Department of Defense to increase biothreat preparedness spending
The U.S. intelligence community believes that a mass attack by terrorists using a chemical, biological or radiological weapon is "unlikely" in the next year, but Director of National Intelligence James Clapper recently told a Senate panel there is concern that a limited attack on the United States or on U.S. interests could take place, according to Business Week.
Clapper said in testimony before the Senate Intelligence Committee that lone actors, either abroad or within the United States, would be capable of launching an attack in the next 12 months. He also said that al-Qaeda in the Arabian Peninsula, which currently operates in Yemen and Saudi Arabia, could attempt to carry out a limited attack in the near future.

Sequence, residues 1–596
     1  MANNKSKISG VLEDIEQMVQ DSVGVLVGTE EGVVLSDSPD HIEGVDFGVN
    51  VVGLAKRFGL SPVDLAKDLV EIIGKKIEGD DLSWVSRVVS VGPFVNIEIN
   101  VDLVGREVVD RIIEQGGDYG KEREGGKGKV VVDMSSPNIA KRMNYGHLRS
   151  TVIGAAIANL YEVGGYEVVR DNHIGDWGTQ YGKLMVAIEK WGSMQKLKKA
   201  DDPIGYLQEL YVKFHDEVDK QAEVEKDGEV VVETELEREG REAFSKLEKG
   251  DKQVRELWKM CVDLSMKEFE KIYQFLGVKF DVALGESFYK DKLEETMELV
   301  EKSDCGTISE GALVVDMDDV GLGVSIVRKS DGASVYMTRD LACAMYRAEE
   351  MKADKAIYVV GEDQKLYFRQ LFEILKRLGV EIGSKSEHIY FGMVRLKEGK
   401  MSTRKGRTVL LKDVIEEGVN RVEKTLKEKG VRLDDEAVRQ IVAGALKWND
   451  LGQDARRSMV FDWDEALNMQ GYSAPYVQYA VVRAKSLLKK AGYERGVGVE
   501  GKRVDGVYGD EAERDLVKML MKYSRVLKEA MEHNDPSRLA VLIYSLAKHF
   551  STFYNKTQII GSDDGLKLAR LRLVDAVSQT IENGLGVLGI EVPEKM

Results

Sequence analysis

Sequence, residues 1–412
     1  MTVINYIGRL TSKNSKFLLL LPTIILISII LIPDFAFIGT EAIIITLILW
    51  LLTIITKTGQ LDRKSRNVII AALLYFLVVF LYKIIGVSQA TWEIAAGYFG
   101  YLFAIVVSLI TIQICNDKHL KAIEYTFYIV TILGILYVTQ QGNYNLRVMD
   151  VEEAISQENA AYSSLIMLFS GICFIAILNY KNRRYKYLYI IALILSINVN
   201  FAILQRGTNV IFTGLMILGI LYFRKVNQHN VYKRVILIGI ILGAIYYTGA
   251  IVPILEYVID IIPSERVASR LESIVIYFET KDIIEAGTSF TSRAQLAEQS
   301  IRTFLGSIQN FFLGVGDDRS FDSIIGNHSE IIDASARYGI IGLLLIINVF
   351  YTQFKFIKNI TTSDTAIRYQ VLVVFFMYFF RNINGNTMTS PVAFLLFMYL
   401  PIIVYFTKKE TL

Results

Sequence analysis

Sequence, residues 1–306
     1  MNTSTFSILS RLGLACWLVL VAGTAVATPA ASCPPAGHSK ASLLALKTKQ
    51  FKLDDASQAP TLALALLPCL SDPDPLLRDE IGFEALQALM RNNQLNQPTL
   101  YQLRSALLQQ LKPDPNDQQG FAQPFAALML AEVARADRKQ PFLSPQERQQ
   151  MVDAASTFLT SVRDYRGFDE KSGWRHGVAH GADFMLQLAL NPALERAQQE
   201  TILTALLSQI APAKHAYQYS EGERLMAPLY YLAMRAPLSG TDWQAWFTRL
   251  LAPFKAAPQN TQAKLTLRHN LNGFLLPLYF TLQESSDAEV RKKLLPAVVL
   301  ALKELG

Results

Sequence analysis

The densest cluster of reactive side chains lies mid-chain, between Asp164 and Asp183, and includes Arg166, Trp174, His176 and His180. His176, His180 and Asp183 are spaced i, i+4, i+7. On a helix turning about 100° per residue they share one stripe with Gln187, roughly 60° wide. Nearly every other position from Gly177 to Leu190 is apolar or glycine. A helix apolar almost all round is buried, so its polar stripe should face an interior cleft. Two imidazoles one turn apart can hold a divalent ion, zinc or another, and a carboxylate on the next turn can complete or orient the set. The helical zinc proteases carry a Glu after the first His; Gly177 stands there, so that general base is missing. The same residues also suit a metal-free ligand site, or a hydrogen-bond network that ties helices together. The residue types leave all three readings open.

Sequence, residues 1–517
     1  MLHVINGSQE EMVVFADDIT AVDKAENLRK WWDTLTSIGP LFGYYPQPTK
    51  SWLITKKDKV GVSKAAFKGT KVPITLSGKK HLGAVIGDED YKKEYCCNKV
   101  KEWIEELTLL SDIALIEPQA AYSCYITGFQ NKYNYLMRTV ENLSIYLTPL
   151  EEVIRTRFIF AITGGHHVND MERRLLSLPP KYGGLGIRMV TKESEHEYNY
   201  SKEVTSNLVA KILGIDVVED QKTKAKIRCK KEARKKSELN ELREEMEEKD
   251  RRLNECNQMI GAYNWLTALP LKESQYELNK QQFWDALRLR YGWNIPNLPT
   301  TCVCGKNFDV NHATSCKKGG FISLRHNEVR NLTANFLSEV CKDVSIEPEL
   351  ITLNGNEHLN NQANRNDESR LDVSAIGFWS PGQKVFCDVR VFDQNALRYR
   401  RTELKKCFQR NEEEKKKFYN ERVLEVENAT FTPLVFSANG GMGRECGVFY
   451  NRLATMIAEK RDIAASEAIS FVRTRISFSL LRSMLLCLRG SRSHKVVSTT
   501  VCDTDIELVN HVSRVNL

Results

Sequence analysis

The current threat assessment was announced following the release last week of the Pentagon's budget priorities over the next five years. DOD planners chose to protect spending on measures to counter weapons of mass destruction and are increasing funding in the field of biological weapons protection.
Secretary of State Hillary Clinton recently warned of the threat posed by biological weapons while speaking at a Biological and Toxin Weapons Convention held in Geneva.
"A crude, but effective, terrorist weapon can be made by using a small sample of any number of widely available pathogens, inexpensive equipment and college-level chemistry and biology," Clinton said, Business Week reports. "Even as it becomes easier to develop these weapons, it remains extremely difficult - as you know - to detect them."
Last year, the threat assessment jointly issued by U.S. intelligence agencies contained only three lines to the terrorist threat posed by CBRN weapons.